A PHOTOGRAPHIC EXPLORATION SCREENS ON NITV
The film, commissioned by NITV, was produced by Wankangurru / Adnyamathanha woman Lavene McKenzie...
One of the highlights of the Adelaide trip was having the opportunity to meet up with Eddie Peters in Mitchell Park through a mutual friend Colleen-Ara Palka Raven Strangways. Immediately it became obvious that my jaw was going to hurt for the rest of the evening as Eddie continued to bring me to tears in laughter.
After dinner we spent the night looking over maps of Eddies homeland the Torres Strait. The stories of growing up on Thursday Island, learning the jobs that each island carried out as part of a wider community and being educated on sacred objects such as the bow and arrow, ceremonial drums and headdress meanings all drew me in to a culture I had previously never been exposed to. Which brought me to my questioning of the system.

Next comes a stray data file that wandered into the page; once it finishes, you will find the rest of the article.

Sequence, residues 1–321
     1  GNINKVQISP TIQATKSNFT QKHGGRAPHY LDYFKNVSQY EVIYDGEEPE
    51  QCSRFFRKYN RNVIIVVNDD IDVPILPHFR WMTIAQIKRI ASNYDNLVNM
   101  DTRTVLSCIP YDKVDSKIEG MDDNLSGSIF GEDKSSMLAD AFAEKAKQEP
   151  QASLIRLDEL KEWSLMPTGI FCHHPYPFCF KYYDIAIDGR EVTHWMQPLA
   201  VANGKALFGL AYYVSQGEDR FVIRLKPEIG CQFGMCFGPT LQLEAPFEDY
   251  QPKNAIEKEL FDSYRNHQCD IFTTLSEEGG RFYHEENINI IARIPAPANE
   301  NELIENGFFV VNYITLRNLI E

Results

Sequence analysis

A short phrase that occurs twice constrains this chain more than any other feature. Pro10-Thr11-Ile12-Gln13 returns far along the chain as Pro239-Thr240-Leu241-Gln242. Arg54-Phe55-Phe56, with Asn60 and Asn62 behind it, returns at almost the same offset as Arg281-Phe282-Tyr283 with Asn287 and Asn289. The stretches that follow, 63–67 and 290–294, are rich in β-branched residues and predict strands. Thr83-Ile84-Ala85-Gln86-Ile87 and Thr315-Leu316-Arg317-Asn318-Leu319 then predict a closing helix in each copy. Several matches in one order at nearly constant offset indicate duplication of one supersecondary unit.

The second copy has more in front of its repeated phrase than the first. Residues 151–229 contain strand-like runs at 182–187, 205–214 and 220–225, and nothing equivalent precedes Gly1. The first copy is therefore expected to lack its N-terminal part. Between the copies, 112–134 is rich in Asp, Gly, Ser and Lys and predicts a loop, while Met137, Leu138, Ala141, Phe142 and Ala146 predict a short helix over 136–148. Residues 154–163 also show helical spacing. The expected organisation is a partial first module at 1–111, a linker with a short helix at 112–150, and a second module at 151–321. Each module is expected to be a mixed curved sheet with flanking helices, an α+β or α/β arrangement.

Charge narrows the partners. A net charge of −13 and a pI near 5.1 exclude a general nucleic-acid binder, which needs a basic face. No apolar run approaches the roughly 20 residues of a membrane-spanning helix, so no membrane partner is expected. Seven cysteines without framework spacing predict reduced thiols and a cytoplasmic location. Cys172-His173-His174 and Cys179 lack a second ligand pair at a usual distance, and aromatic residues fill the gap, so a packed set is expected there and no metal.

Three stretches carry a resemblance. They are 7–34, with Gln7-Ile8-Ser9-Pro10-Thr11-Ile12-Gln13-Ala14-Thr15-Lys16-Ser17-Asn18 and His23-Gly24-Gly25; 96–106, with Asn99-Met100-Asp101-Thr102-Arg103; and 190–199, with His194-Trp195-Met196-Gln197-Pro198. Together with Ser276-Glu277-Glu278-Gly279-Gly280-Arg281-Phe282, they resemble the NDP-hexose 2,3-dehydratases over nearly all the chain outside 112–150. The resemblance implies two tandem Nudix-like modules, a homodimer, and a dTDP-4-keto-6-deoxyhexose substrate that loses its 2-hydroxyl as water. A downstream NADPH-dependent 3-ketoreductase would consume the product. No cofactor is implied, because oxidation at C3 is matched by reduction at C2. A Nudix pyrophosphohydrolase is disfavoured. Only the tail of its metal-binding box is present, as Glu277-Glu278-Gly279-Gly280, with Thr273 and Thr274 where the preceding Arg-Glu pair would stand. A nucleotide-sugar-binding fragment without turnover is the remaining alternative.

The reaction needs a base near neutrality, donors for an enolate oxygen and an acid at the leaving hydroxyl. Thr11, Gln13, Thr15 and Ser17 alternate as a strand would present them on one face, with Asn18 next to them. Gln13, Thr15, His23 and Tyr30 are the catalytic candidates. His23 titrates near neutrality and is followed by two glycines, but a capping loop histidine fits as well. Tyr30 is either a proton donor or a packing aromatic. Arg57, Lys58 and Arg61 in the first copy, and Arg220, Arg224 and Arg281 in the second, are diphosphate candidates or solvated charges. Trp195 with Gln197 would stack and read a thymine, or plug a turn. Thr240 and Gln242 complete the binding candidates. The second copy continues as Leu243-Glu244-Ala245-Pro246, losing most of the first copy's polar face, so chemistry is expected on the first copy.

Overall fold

Culturally how are we being educated?
A big part of this journey has been the re-education of myself coming from a standard Australian school learning nothing about Aboriginal history let alone knowing of the existence of the Torres Straight people, their identity and culture. Five years ago I was unaware of what the flag meant. Totally shameful to admit to this but it’s the truth.
We blindly swore elegance to the Queen not really understanding how they had come to this country, the violent colonisation techniques employed and the influx of brutality that followed we just had to make sure our uniforms were up to code to avoid retribution.
Eddie’s cheerful demeanour sets you at ease and the caring and non judgemental attitude exudes from every pore of his body, exemplifying an honest love for country and people, quite the opposite of the treatment that a lot of First Nations people deal with on a day to day basis.
Aboriginal and Torres Strait Islander viewers are advised that this gallery does contain images and voices of people who have died.